George Carter [00:35:45] Sure. So what the report also tells us is the need for sort of responses now and sort of long-term responses. And these are all this is nothing new. This is something that has been said in previous IPCC. I think it’s also important that part of the big focus on the current IPCC are on the impacts that it’s, for many places, catastrophic and the severity of this that we don’t take action. But there still are many things that need to happen. So first is in terms of adaptation. While there has been great progress in the work that has been carried out, as I said earlier, the report tells us there are so many different gaps that still exist. Part of this is also continuing challenges. So in places like things like adaptation and also the increasing link to places that cannot accept where the issues around loss and damage will come through, what needs to be done there. More attention, of course, to financing to support these adaptation in terms of mitigation. Yes, there has been attention to low carbon development, but all around the world, and we see this in through the indices of all countries now to try and find that which they peak their emissions. And it’s not the same across the world. You know, we see that countries like China, like India still live with emissions that will peak in 2060, 2070. So we need those. And what the Pacific has been calling for is a peaking of emissions immediately in 2025, 2030. So there is still that big gap in terms of mitigation, but also in terms of financing. And that’s where the $100 billion was there to support not only adaptation but also mitigation. The big gap there still hasn’t reached at hundred billion dollar a year. When we called [support] for the war in Ukraine, countries are able to mobilise hundreds of millions of dollars in two or three months to support that initiative. I mean, to support that important cause. But when you say about the cause that we are all seeing, that all countries are impacted not just countries, but even the private sector, is still lagging in terms of its support. And so the report also sees an encouragement for not just governments, private sector, but across that there should be initiatives, increasing initiatives to call for more. And finance and technology and the transfer of technology from developed countries to a country like Kiribati or to a country like Samoa is fundamental for this transition. That technology to respond to these climate changes is made affordable, but also that can be utilised within, you know, isolated islands and not just within the bigger economies. So that’s something that’s fundamental. But a part of that also is that cooperation not just between states or among states but also with the private sector to try and encourage these big transitions. Now those are the big ideas that we have been working and living with in the last decade or so. But this, as the report is saying, this needs to be done more so now. Now, the other thing that’s also promising for me is the fact that this report also talks about vulnerability, which communities are more vulnerable or as well as the need to be more inclusive and talks about equity, that they need to promote and prioritise equity, climate justice, inclusion in the transition process, that it’s not just focusing on big country or community scale, but it’s importance of that in this work or transition is that we are reminded, you know, to put vulnerable communities or vulnerable peoples at the forefront, which talks about, you know, the importance of gender, disability and all other aspects of social inclusion.

Akka Rimon [00:40:04] And that is so important because we want to ensure that everyone has access to support whatever adaptation and mitigation efforts there are. Okay. So I’m going to ask you, it will never be enough having an episode for us to discuss this massive topic. But I’m going to ask you to just sort of sum up and help policymakers. If you were to provide advice, how would you sum up a summary of summaries of scientific reports in just one or two sentences?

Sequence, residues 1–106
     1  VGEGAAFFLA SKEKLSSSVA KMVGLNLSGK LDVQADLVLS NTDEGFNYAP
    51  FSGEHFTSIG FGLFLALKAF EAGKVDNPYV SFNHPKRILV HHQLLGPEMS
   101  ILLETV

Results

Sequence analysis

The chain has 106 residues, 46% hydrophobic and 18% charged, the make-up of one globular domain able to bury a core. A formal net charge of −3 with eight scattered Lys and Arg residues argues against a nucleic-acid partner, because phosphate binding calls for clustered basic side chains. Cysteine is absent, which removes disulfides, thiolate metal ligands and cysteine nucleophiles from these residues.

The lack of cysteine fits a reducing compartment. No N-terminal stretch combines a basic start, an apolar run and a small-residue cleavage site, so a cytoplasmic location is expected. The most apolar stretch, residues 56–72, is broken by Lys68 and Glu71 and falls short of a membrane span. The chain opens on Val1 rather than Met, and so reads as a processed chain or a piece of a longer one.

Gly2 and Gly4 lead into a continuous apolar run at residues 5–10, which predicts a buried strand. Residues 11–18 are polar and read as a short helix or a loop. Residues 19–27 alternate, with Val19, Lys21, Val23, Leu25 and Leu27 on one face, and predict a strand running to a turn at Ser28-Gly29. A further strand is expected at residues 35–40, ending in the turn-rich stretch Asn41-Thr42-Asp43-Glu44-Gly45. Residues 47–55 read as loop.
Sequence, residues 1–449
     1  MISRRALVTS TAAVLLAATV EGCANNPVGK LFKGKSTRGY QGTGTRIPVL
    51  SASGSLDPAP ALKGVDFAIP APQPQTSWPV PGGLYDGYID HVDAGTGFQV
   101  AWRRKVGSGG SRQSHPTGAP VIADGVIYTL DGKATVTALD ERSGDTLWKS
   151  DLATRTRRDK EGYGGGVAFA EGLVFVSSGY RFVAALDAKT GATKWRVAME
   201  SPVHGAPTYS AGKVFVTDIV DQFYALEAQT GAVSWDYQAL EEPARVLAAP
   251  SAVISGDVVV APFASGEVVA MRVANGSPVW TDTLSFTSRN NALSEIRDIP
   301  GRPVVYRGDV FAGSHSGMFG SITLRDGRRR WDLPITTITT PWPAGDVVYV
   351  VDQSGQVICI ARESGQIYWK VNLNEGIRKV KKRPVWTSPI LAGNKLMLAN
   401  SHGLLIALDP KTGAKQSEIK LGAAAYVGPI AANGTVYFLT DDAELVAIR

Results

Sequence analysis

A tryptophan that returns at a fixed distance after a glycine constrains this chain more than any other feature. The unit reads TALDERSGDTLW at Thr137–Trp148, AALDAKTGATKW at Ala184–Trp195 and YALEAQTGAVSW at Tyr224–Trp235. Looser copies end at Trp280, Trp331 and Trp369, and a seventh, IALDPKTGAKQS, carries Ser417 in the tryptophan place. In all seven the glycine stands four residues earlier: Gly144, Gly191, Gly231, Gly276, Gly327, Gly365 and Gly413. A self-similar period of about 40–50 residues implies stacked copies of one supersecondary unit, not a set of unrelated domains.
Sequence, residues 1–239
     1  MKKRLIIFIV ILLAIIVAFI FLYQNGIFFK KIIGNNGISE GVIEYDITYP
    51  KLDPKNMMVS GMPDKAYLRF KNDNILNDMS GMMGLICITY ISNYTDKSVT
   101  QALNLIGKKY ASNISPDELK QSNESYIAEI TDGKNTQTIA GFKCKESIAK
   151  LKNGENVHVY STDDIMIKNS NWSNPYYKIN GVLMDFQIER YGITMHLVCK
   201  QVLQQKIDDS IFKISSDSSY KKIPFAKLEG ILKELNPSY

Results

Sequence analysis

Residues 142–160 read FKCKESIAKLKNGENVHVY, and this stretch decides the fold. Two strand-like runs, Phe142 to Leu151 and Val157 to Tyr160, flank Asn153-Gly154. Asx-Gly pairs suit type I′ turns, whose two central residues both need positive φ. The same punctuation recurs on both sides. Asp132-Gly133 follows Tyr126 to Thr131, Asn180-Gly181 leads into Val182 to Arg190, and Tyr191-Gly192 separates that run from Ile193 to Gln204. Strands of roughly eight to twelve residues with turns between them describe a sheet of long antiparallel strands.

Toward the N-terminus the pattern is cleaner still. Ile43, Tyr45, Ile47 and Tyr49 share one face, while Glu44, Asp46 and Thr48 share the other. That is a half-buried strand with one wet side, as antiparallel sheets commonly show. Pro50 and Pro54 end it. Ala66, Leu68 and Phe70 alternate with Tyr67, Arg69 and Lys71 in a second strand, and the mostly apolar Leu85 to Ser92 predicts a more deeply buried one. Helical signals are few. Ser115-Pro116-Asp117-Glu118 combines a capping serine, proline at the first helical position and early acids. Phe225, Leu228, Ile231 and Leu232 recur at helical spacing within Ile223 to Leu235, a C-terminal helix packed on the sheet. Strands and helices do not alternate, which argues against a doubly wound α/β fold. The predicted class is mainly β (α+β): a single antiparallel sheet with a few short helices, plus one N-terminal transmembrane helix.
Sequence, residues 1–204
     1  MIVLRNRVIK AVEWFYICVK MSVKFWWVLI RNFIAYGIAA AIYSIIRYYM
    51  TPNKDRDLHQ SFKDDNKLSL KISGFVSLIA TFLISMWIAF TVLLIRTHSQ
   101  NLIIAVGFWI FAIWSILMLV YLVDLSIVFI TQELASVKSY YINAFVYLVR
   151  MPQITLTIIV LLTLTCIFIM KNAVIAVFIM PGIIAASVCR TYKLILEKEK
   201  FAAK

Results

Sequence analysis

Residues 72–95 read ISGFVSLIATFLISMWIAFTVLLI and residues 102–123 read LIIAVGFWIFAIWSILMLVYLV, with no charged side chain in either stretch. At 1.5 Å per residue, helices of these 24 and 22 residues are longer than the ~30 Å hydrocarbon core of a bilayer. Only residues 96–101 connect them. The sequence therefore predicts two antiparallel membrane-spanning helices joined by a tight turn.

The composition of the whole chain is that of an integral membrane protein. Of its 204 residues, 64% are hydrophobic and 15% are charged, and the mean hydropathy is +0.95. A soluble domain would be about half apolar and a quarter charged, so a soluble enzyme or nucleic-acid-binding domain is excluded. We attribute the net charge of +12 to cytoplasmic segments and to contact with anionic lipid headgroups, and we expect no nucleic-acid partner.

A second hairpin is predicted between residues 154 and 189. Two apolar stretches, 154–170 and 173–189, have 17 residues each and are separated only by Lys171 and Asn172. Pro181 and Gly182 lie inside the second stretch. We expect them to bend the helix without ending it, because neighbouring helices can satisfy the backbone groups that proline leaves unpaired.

George Carter [00:40:38] Yeah. IPCC report is a massive report. It’s a big undertaking to read it. There are different services that are provided in terms of, the way universities, but also institutions try and interpret the report. We cannot stress the importance of the link of this report to international discourse on climate change, to regional as well as national. There was a direct link. What we need to work on more, and this is something that many of us are passionate and coming in meetings in next week in Fiji will be discussing is how we make this accessible for everyone. And part of this is also how to participate in that process. And part of that is that collaboration, but also prioritising the work and research coming out from the Pacific, not just through universities but the work that the national departments, national agencies and local researchers are doing. There needs to be a mechanism or platform that elevates this research, but not just that, also finding ways to connect it through journal articles to get it within the IPCC process. So here’s what I’m saying here, I guess, is the need for more collaboration. IPCC is not a report that others write on the Pacific, but something that the Pacific should be part of and should also be leading in these processes, as what we’re trying to articulate. We have in the past had the opportunities in terms of this being possible, but we are also in a space that we can do more.

Akka Rimon [00:42:17] Yep, that’s slightly over your two-sentence mark, but thank you for that, and Mahealani? Any lasting comments from you?

Mahealani Delaney [00:42:26] Yeah. So just to build off what George was saying, it is important to note that these reports are global in nature, and especially the last Synthesis report, which was the synthesis of the summary reports. So the information for policymakers across the Pacific, I think, and it’s mentioned in the report that all of that needs to be adapted, I guess, for the local context. And because there is in a strong Pacific Islander representation in those reports at the moment, there will be other reports and publications from across the region that will also be beneficial for policymaking. But in terms of increasing representation in the reports, which was spoken to and is really important for getting text in there that can be used in negotiations, like at COP. We at the moment are doing a project which was spoken about in Fiji next week. We’re meeting with people from across the region. To figure out how we can get more voices from the Pacific in the next report, both in terms of research that is being referenced and also in terms of the roles like authors, so that they are the ones reviewing the final text and can advocate for issues that are relevant for the Pacific to be included.

Akka Rimon [00:44:01] Yeah. Thank you, Mahealani. And thank you, George. And thank you also to our viewers and listeners. Till next time we hope to see you again here on the Pacific Wayfinder, your guide to navigating security cross-currents in the Blue Pacific Continent.


What should Pacific countries consider when making policies on climate change?

Salā Dr George Carter and Mahealani Delaney join Akka Rimon to discuss the importance of embedding traditional knowledge and the IPCC’s latest recommendations in Pacific climate policies.